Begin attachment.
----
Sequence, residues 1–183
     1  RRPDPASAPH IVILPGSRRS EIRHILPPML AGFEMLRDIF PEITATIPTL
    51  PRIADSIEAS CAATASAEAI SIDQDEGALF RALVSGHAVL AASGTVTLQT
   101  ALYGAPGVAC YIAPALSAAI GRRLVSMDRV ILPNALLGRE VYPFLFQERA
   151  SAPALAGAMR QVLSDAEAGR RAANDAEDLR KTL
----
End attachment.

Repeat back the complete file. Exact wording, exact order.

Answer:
Sequence, residues 1–183
     1  RRPDPASAPH IVILPGSRRS EIRHILPPML AGFEMLRDIF PEITATIPTL
    51  PRIADSIEAS CAATASAEAI SIDQDEGALF RALVSGHAVL AASGTVTLQT
   101  ALYGAPGVAC YIAPALSAAI GRRLVSMDRV ILPNALLGRE VYPFLFQERA
   151  SAPALAGAMR QVLSDAEAGR RAANDAEDLR KTL